A compelling aspect is Andreas’ eventual conversion to Jesus. At first, Andreas thinks of Jesus as an irrelevant, crazy heretic. Over the story’s arc, however, Andreas is converted, beginning when Andreas is captured by the Zealots. When Andreas began criticizing their methods as unjust, the Zealots accused Andreas of sharing the views Simon, who recently left to follow Jesus. This comparison to Simon revealed Andreas’ personal ideology of righteousness as similar to Jesus’ and Andreas became intrigued by Jesus. Andreas’ conversion later accelerated defending Jesus to the Roman authorities. Andreas’ conversion was completed by a vision of the resurrected Jesus during a dream, causing Andreas’ commitment to the a new covenant.

Andreas conversion was restrained by the counterculture call of Jesus’ message. Jesus attacked the status-quo of the family, the Temple, and the Jewish hierarchy. Andreas saw this as subversive and destabilizing. For example, by attacking the family, Jesus attacked the primary social fabric and by attacking the Temple, Jesus attacked the economic base of Jerusalem. Alternatively, Andreas was persuaded by the passion of Jesus’ followers. The stories of Levi, the toll collector, and Bartholomaeus, the third son, paint a picture of passionate people persuaded to go all-in for Jesus. Moreover, Andreas was attracted to the morality of Jesus’ message, which resonated with his own moral compass. That Jesus encouraged the underclass to walk upright and did not focus on the powerful contributed to Andreas’ eventual conversion. Today, these are not the issues people face in evaluating Jesus, since he is not present attacking the current social and political systems. Today, seekers face issues more theological and less political. But once someone meets Jesus, if they truly engage, the same passion and love for the downtrodden and impoverished will ignite.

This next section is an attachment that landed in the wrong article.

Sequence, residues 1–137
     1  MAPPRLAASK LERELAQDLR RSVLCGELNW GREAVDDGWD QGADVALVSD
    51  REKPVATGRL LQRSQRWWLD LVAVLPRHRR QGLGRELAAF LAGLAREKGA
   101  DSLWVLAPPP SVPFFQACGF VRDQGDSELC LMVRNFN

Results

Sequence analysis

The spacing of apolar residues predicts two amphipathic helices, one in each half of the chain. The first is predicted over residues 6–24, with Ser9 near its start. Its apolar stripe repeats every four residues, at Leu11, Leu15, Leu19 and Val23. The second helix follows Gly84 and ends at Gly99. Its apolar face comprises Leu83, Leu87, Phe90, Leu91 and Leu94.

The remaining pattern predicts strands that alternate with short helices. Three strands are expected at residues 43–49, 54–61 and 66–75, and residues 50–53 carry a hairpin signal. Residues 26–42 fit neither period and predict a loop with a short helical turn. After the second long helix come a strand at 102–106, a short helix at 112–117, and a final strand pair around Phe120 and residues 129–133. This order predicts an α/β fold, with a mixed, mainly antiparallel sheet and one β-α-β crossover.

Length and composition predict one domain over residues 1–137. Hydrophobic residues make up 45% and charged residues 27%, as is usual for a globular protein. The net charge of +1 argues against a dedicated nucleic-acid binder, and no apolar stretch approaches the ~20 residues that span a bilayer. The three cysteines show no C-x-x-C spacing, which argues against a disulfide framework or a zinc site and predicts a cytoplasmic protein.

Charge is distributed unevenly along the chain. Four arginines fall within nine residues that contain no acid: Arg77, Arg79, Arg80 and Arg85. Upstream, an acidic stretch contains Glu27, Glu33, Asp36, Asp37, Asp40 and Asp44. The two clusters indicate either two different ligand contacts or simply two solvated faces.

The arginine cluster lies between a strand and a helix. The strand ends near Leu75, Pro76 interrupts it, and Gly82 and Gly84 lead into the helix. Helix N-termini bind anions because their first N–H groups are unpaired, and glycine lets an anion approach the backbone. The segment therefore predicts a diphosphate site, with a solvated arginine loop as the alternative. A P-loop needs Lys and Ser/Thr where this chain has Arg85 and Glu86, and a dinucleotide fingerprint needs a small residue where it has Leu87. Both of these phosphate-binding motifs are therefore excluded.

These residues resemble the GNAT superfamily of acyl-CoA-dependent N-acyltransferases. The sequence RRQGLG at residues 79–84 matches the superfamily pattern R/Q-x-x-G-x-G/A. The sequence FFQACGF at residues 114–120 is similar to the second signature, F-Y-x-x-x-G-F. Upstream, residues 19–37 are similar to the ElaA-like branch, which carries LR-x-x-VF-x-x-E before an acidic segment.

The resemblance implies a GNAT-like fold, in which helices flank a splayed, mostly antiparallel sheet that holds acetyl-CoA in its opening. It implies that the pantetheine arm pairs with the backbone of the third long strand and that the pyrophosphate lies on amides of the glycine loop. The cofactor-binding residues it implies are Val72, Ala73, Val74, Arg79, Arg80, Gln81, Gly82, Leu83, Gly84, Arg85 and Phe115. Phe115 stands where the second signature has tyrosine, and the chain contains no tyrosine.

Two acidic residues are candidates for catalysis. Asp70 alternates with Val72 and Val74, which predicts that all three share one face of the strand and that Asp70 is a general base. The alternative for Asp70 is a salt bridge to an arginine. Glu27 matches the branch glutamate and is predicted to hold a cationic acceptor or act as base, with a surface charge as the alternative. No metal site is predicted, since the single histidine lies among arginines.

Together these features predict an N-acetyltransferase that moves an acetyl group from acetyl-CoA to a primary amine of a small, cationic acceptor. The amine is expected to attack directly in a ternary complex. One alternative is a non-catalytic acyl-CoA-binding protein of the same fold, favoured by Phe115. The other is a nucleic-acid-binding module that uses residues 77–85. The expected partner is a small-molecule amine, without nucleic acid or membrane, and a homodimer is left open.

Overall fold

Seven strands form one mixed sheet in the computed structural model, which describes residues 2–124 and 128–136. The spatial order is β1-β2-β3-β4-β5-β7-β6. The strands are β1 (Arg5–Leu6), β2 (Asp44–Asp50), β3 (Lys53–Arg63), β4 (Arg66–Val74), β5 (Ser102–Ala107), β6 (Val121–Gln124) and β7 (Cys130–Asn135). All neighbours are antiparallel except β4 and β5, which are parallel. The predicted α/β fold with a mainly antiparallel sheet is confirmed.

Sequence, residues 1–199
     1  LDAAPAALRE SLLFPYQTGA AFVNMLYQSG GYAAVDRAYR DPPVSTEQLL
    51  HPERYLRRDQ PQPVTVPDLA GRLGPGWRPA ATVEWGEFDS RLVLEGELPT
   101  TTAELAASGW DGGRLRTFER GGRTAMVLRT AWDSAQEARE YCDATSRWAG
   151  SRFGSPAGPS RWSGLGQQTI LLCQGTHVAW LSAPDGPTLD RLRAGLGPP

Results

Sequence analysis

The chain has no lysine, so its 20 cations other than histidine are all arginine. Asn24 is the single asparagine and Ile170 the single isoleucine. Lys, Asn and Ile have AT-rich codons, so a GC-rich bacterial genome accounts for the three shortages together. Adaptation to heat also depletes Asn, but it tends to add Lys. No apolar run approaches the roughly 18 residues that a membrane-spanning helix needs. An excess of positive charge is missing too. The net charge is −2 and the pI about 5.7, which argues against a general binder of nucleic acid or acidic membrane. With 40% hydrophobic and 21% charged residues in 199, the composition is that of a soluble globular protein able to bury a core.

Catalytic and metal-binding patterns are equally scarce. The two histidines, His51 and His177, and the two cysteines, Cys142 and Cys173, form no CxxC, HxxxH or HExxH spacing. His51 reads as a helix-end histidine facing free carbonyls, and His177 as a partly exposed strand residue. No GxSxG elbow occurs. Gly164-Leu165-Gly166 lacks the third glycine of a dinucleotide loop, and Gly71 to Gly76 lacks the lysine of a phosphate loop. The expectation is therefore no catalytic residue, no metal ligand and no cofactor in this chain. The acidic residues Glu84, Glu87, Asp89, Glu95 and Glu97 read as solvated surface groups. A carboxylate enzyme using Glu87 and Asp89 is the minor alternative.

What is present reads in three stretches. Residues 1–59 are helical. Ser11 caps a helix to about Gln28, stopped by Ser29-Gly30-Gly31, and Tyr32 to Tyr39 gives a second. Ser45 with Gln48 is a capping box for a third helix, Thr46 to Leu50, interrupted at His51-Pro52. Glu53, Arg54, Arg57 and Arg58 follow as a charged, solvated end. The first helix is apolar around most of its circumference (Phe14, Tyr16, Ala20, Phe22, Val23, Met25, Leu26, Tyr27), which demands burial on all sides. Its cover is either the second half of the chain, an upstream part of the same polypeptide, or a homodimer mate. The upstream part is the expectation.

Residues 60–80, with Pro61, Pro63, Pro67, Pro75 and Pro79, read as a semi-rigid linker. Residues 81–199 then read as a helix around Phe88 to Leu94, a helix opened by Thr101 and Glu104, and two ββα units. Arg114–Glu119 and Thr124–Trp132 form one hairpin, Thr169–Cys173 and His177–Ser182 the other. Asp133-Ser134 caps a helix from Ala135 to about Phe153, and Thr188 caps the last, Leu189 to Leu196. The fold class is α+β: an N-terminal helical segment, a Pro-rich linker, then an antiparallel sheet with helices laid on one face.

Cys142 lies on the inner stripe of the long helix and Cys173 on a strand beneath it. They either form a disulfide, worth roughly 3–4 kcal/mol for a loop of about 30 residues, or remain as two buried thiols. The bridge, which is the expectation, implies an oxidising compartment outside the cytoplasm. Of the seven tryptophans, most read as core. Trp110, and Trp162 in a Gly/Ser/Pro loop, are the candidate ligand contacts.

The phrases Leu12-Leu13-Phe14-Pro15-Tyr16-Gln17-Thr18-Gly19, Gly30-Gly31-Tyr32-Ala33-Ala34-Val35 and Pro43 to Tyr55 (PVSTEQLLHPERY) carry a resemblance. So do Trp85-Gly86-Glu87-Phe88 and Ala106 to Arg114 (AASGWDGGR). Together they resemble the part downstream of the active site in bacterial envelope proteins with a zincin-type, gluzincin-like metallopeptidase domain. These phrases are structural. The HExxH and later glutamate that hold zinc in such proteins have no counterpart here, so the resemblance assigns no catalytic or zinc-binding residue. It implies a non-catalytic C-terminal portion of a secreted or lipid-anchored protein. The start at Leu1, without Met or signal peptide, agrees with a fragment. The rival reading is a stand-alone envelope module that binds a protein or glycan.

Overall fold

I appreciated the way this narrative expanded my perspective on the Gospels. Until provided the proper context for the rise and fall of Jesus of Nazareth, I simply focused squarely on His role as a spiritual teacher. The Shadow of the Galilean greatly expanded my ‘Jesus storyline’, adding detailed depictions of the political intrigue and social drama of first-century Palestine.

This novel was a fascinating, albeit difficult read. The blend of historical fact, combined with compelling fiction, kept me engaged. One critique concerns the chapter-by-chapter digressions of letters from the author justifying his historical license. These tangents distracted from the carefully constructed historical context and disrupted the narrative form. In addition, the many philosophical discussions presumed a deeper grounding in philosophy than I have. Notwithstanding these minor complaints, I enjoyed the book immensely and recommend it to anyone interested in discovering and exploring the historical Jesus who existed before Christianity.